The Monster Men

By Edgar Rice Burroughs

Page 24

eyes denoted the absence of
pigment; a characteristic of albinos.

One eye was fully twice the diameter of the other, and an inch above
the horizontal plane of its tiny mate. The nose was but a gaping
orifice above a deformed and twisted mouth. The thing was chinless,
and its small, foreheadless head surrounded its colossal body like a
cannon ball on a hill top. One arm was at least twelve inches longer
than its mate, which was itself long in proportion to the torso, while
the legs, similarly mismated and terminating in huge, flat feet that
protruded laterally, caused the thing to lurch fearfully from side to
side as it lumbered toward the girl.

A sudden grimace lighted the frightful face as the grotesque eyes fell
upon this new creature. Number One had never before seen a woman, but
the sight of this one awoke in the unplumbed depths of his soulless
breast a great desire to lay his hands upon her. She was very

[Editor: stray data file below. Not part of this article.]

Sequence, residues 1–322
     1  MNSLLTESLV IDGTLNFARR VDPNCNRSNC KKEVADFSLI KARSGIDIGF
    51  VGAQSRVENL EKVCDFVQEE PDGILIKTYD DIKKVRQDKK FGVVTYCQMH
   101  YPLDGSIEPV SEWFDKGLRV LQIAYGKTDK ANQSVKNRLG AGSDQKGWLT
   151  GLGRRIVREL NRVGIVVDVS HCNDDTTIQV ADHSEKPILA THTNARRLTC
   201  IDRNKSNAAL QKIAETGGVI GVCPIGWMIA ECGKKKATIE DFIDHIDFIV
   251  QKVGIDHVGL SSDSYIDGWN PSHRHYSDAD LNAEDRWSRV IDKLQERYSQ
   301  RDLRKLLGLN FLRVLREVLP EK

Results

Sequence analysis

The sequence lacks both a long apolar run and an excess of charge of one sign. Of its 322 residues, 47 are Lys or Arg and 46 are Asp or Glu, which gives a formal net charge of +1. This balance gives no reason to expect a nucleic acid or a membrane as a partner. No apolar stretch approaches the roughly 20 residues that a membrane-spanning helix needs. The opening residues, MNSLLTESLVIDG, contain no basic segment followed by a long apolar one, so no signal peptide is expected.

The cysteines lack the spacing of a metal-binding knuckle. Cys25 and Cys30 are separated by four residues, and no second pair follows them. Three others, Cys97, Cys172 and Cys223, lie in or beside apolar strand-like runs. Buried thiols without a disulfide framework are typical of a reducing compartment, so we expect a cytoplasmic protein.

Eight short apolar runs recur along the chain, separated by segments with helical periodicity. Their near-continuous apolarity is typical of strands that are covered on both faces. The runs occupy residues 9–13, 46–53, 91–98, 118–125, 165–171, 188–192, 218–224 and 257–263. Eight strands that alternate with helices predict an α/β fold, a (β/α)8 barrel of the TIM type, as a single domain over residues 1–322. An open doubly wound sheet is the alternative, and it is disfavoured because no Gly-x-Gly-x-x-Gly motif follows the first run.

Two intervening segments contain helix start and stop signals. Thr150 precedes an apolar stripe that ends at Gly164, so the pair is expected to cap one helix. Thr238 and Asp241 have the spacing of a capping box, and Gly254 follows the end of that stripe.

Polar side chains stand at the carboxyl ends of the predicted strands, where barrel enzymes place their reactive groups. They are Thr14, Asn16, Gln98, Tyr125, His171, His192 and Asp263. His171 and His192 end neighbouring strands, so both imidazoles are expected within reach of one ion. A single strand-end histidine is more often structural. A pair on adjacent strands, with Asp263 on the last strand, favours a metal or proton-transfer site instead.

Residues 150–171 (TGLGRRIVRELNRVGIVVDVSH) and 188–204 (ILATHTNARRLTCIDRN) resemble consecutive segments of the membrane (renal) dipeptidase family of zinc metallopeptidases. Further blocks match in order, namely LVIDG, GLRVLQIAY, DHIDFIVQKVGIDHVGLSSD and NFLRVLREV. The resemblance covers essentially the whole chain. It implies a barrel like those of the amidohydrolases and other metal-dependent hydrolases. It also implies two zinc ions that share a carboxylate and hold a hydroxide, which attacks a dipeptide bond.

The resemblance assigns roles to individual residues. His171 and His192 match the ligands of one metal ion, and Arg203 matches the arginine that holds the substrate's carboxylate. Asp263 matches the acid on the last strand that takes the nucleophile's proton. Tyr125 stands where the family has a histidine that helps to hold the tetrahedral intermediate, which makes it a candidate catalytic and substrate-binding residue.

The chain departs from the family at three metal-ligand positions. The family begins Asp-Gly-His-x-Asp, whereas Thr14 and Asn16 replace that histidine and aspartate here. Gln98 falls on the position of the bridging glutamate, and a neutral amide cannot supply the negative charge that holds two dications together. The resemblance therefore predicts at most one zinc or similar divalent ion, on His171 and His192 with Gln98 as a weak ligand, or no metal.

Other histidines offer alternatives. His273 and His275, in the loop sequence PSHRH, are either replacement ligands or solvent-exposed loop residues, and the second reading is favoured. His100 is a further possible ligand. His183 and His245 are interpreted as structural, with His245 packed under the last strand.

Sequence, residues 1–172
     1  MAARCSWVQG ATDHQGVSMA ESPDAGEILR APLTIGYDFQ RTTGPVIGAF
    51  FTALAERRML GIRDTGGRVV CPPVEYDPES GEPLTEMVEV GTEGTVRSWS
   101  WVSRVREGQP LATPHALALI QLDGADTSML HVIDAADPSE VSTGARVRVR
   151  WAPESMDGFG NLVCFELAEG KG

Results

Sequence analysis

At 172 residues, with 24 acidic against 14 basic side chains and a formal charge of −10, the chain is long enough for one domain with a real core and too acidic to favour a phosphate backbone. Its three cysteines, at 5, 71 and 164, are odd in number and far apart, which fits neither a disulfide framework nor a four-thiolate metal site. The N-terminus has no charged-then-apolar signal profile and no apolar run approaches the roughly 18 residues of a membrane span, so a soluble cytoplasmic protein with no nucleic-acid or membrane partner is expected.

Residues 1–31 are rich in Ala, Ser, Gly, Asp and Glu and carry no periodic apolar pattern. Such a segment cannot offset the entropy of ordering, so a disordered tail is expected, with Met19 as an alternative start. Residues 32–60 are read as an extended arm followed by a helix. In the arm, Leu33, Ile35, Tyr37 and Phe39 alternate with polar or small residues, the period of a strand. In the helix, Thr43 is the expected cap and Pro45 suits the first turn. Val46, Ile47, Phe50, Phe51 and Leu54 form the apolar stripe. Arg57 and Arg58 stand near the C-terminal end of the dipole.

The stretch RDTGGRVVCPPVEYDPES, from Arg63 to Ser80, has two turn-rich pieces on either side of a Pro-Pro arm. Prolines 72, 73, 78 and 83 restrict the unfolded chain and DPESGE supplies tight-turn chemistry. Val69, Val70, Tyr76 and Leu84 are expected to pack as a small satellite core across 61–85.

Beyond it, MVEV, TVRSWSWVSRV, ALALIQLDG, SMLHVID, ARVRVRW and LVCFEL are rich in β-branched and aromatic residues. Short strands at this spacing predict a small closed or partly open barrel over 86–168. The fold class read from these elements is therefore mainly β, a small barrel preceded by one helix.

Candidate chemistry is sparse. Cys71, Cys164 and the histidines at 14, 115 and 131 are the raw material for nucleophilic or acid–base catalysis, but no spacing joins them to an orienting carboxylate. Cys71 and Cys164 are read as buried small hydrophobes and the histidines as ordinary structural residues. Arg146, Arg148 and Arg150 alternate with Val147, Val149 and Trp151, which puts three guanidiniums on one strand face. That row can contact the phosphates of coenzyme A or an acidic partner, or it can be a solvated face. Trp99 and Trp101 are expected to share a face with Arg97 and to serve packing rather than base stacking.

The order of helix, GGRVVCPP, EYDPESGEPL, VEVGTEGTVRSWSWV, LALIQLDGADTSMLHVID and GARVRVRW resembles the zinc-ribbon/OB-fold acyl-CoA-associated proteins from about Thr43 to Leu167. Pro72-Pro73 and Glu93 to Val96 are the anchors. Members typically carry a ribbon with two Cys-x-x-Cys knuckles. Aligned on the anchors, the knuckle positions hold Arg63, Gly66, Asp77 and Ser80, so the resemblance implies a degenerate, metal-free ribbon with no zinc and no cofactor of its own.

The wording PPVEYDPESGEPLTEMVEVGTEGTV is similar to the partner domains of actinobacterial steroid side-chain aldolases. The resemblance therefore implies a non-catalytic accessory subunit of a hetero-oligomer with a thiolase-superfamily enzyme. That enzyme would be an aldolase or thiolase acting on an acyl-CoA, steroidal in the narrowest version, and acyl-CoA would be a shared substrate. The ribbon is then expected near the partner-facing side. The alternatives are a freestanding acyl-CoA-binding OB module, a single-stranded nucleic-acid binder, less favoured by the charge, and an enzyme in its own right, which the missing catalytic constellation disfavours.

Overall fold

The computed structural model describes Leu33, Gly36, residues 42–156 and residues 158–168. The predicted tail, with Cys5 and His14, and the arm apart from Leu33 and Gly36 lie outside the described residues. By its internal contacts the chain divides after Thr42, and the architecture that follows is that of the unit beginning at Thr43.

beautiful. Number One wished to have her for his very own; nor would
it be a difficult matter, so fragile was she, to gather her up in those
great, brute arms and carry her deep into the jungle far out of hearing
of the bull-whip man and the cold, frowning one who was continually
measuring and weighing Number One and his companions, the while he
scrutinized them with those strange, glittering eyes that frightened
one even more than the cruel lash of the bull whip.

Number One lurched forward, his arms outstretched toward the horror
stricken girl. Virginia tried to cry out again--she tried to turn and
run; but the horror of her impending fate and the terror that those
awful features induced left her paralyzed and helpless.

The thing was almost upon her now. The mouth was wide in a hideous
attempt to smile. The great hands would grasp her in another
second--and then there was a sudden crashing of the underbrush behind
her, a yellow, wrinkled face and a flying pig-tail shot past her, and
the brave old Sing Lee grappled with the mighty monster that threatened
her.

The battle was short--short and terrible. The valiant Chinaman sought
the ashen throat of his antagonist, but his wiry, sinewy muscles were
as reeds beneath the force of that inhuman power that opposed them.
Holding the girl at arm's length in one hand, Number One tore the
battling Chinaman from him with the other, and lifting him bodily above
his head, hurled him stunned and bleeding against the bole of a

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Text Comparison with Tarzan the Terrible

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